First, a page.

31 July 2012

Another new stove

   The selection of propane table-top cook stoves in Bluefields is incredible, ranging from one-burner to six, and from stainless steel to porcelain in such colors as blue, green, red, white, and yellow.   This sort of stove may be readily available in Virginia, but the closest I've ever seen are Coleman-type camp stoves.
   We now have a plain-jane two-burner.   Makes that early morning coffee quick and simple! 

24 July 2012

Seaside vineyard

   Not actually a vineyard since the plant's not a vine, but the sea grape is pretty amazing and it really does produce grapes. The plant's deep, spreading root system clings to the sand, often right at the edge of high tide where it's daily washed by salty water...to no apparent ill effect.  On a windy day the big leaves drip from the salty water that coats them, blown through the air from the Caribbean...again, to no apparent ill effect.  The sea grape thrives in this coastal environment.  

   The fat grapes form in long clusters of a size between twenty-five cents U.S. and five cordoba Nicaragua.  They ripen unevenly - that is, not the entire cluster at once but one at a time - to red.   The single seed in each makes up most of the grape; but what's edible is sweet and a bit tart. 

17 July 2012

Team (is sometimes an) effort

    A rather remarkable husband and wife team live at and care for False Bluff.  And like most married couples... 
one may embarrass the other from time to time.  He posed for this picture.  He really did.  Really.

09 July 2012

A thatched roof (grow your own)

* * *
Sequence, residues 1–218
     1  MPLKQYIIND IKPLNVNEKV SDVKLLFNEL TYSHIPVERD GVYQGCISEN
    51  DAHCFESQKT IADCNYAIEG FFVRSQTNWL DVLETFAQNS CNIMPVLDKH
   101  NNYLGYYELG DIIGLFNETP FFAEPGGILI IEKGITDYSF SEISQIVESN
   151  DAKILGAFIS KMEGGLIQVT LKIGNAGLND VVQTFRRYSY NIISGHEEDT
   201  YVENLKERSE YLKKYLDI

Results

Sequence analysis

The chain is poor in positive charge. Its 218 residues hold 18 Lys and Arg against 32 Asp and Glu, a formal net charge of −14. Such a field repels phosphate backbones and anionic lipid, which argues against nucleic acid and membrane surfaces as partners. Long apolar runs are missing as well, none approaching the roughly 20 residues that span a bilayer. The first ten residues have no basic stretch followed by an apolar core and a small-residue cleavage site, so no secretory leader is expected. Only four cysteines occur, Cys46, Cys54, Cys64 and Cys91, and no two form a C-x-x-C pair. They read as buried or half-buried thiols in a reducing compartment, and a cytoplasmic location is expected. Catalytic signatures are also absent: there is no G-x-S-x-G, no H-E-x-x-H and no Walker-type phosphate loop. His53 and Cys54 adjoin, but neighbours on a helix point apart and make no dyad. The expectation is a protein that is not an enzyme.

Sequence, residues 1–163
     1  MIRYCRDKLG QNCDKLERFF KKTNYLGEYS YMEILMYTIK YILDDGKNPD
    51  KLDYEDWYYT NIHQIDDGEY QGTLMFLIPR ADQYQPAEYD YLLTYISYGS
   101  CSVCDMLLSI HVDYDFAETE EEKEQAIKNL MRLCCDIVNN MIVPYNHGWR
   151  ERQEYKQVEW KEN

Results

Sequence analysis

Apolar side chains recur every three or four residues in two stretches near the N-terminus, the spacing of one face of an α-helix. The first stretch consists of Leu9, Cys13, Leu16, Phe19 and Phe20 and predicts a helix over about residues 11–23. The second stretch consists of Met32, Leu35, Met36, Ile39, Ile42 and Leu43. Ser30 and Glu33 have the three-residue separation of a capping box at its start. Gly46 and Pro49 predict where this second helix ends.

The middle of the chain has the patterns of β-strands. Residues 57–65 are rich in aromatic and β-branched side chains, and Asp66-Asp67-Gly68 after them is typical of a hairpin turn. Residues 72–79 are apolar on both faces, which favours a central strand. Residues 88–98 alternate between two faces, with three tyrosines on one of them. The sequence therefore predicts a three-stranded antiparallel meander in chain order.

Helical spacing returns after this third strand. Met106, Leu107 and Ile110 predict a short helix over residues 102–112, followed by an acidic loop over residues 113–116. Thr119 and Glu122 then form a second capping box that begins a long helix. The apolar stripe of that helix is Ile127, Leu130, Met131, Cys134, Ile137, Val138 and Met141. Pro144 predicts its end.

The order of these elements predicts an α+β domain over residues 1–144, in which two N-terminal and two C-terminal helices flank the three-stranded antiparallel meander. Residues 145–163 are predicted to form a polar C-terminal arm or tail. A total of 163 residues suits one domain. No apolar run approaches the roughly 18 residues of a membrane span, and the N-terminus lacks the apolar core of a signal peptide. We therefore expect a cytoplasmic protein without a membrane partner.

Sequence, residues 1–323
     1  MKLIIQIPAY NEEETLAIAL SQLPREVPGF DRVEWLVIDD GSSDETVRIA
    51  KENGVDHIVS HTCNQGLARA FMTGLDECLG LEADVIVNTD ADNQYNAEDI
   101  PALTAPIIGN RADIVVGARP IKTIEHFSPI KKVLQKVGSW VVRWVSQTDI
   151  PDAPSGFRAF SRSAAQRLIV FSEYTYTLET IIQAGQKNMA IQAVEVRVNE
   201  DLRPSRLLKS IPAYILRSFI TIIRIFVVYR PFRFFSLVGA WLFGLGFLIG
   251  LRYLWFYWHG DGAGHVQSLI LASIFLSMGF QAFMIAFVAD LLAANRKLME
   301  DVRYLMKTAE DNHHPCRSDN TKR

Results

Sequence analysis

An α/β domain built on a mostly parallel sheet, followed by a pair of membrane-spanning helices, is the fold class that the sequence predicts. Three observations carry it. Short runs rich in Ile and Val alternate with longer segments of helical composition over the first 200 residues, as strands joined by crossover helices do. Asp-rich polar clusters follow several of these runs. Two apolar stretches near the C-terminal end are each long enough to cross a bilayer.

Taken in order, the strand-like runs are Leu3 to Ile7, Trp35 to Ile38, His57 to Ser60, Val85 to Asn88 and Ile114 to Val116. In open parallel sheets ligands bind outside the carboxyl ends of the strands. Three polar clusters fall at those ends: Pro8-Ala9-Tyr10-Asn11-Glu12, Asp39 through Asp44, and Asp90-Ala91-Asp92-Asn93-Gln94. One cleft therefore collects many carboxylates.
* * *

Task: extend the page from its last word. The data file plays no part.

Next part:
I opted to thatch the roof for a lot of reasons, not the least of which is that I really like the way it looks.   Also, thatching is ecologically sound, using vegetation which grows in the area.   What we're using at False Bluff are the fronds from a type of palm tree.  We have since planted some of this palm so now we'll be growing our own roofs for future use.   
   Thatching material is harvested by removing selected branches, or fronds, from a tree, leaving the tree and other fronds to grow.....not by cutting down and thus killing the tree (although I have heard there are some who harvest thatching in just such an incredibly short-viewed manner).
   The longevity and low maintenance of this type of roofing surpasses 'zinc' roofing, particularly close to the sea (which we most definitely are) where salt in the constant breeze takes an immediate toll on everything. Maintaining a metal roof can be a full time job. In fact, watching 'zinc' rust is a time-honored pastime in the Caribbean.  
   And I've been told that when a falling coconut hits a metal roof, at the very least you've got a dent in your roof.   Those heavy suckers bounce and roll when they hit thatching.
Inside, from an upstairs breezeway and...

from a bedroom (for air circulation, bedroom walls don't reach the roof)
A bunch of thatch-palm babies to plant

03 July 2012

False Bluff Views

     In any direction, at any time, beautiful False Bluff...